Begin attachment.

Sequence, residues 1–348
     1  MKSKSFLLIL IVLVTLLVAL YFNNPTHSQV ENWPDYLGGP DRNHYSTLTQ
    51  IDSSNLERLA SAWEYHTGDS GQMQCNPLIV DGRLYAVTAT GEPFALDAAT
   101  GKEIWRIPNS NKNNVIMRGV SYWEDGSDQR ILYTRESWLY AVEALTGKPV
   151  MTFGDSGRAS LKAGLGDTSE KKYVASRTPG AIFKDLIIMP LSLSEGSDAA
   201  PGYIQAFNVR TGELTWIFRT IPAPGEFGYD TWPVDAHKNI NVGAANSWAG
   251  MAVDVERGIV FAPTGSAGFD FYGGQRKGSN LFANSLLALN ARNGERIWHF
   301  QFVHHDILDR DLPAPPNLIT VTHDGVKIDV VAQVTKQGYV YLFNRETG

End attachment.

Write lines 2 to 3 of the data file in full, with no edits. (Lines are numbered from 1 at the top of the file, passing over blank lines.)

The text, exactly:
     1  MKSKSFLLIL IVLVTLLVAL YFNNPTHSQV ENWPDYLGGP DRNHYSTLTQ
    51  IDSSNLERLA SAWEYHTGDS GQMQCNPLIV DGRLYAVTAT GEPFALDAAT